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Cretaceous sauropods (was Re: Sauropod extinction)
At 11:35 PM 7/27/98 -0400, Allan Edels wrote:
> Actually Sherry wrote that particular question. I attempted to answer
>the premise. I assumed that sauropods, especially the really gigantic
>diplodocids and brachiosaurids disappeared fairly rapidly at the end of the
As discussed (ad nauseum) on the list before, we don't have evidence of
this. Our sample size for Early Cretaceous sauropods isn't very good, and
indeed there has been very little in the way of articulated remains.
Nevertheless, the fragmentary material known is not dramatically different
in size from average Morrison material.
The reason we do have the remains of the Morrison giant individual may have
a lot more to do with the better preservation within that Formation relative
to overlying units: with a higher number of samples, the better chance we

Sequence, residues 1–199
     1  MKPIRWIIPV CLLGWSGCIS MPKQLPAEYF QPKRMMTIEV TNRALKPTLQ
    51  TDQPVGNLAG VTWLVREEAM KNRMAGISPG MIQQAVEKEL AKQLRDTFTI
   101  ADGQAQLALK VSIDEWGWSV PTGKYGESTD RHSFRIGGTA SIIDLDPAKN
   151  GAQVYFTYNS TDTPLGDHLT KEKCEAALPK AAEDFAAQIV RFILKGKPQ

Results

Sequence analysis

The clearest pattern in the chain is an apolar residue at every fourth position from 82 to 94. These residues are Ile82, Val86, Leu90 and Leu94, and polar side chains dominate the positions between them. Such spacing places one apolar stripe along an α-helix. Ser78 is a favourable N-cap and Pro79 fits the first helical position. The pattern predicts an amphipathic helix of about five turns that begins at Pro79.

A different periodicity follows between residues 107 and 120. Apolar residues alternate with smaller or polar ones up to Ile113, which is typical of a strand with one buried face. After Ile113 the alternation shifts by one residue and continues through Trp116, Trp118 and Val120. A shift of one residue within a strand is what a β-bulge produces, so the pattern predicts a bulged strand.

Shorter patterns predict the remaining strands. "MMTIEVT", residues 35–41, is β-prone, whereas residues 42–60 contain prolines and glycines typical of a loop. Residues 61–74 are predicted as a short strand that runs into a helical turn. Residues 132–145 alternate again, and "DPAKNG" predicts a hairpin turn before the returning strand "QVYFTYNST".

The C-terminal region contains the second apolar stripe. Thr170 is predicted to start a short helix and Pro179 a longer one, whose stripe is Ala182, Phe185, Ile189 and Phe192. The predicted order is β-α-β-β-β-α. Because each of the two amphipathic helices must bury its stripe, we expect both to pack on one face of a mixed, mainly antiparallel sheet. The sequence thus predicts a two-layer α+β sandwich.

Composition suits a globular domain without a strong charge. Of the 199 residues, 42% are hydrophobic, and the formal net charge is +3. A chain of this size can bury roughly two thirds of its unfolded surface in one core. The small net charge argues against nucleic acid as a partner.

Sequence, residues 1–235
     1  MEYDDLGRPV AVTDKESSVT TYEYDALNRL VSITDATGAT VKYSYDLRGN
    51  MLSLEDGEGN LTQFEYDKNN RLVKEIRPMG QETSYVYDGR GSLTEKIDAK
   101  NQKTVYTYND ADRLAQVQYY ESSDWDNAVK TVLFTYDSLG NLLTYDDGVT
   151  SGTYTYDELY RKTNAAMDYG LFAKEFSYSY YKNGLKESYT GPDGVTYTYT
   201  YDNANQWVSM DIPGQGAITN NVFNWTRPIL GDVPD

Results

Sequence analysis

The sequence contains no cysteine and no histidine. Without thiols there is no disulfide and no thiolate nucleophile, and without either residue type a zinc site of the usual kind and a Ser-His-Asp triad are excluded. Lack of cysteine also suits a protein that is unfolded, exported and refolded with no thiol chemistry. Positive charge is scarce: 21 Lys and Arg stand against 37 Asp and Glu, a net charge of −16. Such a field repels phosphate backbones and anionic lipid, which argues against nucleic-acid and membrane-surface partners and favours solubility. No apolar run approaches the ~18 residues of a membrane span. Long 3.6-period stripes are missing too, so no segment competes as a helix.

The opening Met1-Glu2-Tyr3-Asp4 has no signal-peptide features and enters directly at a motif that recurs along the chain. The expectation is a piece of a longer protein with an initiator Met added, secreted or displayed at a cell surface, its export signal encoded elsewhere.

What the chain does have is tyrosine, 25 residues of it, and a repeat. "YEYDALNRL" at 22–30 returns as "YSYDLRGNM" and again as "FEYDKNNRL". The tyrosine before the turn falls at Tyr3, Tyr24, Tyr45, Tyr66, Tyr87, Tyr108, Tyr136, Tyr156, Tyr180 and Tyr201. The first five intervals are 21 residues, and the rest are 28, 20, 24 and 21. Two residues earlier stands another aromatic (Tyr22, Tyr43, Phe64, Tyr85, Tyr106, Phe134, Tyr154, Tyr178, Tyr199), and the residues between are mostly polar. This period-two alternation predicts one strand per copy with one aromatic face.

sample the higher end of the size distribution curve.
Also, to remind folks, with the possible exception to the (never collected,
nor accessioned, only known from a line drawing) _Amphicoelias fragillimus_,
the largest skeletal remains of sauropods are all from the Cretaceous.
(Okay, they are South American, not North American, but they are still huge!).
Thomas R. Holtz, Jr.
Vertebrate Paleontologist Webpage: http://www.geol.umd.edu
Dept. of Geology Email:firstname.lastname@example.org
University of Maryland Phone:301-405-4084
College Park, MD 20742 Fax: 301-314-9661